Language is central to how people develop a worldview. Since anthropology is dedicated to the profound knowledge of cultures, language learning is a foundational skill. Majors must show a competency in one foreign language equivalent to four semesters of college-level classes. You may demonstrate this level of competency by completing language courses at the intermediate level or by certification from a language instructor. For languages that are not represented at Smith, you can select a qualified evaluator in consultation with your adviser.
Funding is available for majors seeking financial assistance in language instruction. See Nancy "Penny" Schwartz Fund.
Biological Anthropology Exception
Students who focus their major in biological anthropology may replace the language requirement with two courses in mathematics and/or natural science if the courses serve as an essential foundation for advanced work in this subfield and are above the 100 level. Any alternative for the language requirement will be developed in consultation with an adviser and must be part of an overall plan of studies approved by the entire department. The alternative to the language requirement is considered exceptional and must be justified by a well-considered curricular plan.
A junior or senior wishing to pursue individualized study that is not available in another course, or to pursue more advanced study within a topic, may enroll in Special Studies (Anthropology 404a, b, or 408d).
Special studies may also grow out of an internship experience or a project undertaken during study abroad. Special studies sometimes serve as the basis for a subsequent honors project. It is the student's responsibility to propose a project to a faculty member, keeping in mind that the work associated with a special study must be equivalent to that required in a regular course carrying the same number of credits. Special studies may involve the development of an annotated bibliography that will serve as the basis for an honors project, a seminar-like research paper, an exhibit of creative work (e.g., documentary video, photography, dance), or any other product agreed to by the student and the supervising faculty member. Faculty members may not be able to accept a special study if they are insufficiently knowledgeable about the proposed subject or if they have already agreed to supervise others for that semester.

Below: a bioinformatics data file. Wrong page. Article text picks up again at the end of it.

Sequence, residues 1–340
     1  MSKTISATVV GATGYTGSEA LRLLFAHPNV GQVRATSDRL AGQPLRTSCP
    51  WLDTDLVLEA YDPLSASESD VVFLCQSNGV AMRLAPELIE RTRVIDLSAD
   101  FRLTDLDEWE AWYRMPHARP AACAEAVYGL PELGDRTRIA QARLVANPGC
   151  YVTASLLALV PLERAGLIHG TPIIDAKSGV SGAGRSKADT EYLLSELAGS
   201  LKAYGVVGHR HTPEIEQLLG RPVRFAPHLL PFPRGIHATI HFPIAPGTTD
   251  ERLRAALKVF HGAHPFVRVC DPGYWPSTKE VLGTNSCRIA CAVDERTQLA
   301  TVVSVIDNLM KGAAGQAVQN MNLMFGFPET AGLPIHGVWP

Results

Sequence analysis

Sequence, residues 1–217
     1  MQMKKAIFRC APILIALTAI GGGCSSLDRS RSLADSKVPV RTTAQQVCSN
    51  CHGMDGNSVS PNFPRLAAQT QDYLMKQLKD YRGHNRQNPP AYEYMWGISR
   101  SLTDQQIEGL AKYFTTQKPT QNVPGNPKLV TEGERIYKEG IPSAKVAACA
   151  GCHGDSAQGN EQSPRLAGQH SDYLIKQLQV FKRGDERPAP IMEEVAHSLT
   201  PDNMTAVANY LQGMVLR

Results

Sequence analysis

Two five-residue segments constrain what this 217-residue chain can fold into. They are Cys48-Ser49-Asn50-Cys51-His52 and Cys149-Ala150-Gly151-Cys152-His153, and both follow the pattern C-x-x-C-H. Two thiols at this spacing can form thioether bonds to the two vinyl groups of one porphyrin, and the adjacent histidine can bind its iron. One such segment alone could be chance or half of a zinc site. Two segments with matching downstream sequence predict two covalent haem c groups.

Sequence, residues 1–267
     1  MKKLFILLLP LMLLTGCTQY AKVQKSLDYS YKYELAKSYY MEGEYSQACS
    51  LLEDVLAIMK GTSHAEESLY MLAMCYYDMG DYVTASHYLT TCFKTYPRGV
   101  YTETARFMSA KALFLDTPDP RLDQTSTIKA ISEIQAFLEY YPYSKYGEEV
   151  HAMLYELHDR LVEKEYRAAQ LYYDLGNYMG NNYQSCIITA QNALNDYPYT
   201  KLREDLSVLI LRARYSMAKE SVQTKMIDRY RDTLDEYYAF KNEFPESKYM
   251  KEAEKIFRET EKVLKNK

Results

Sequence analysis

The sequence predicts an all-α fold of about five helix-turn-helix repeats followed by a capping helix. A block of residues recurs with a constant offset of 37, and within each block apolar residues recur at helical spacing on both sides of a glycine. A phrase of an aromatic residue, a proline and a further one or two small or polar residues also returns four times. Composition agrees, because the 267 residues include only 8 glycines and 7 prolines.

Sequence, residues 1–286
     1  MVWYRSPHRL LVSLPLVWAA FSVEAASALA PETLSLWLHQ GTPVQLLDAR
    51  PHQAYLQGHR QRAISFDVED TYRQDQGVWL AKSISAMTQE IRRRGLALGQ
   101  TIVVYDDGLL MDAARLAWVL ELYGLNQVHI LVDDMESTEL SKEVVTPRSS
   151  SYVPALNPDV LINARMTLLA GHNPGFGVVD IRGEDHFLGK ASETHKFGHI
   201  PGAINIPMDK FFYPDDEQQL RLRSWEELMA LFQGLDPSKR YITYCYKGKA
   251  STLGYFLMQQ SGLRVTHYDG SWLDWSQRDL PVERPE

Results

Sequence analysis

You must secure the agreement of a faculty member well in advance to supervise a particular project prior to enrolling in the course.
Anthropology majors are encouraged to consider an academic program abroad during junior year. For more information, visit the Study Abroad page.
Research with Human Subjects
Students must obtain prior approval from the Smith College Institutional Review Board for any research with human subjects, even if it is carried out under the supervision of persons affiliated with other institutions. The approval that a non-Smith project may have received from some other review board may not substitute a review by Smith's IRB, although your application for approval may cite pre-existing approval.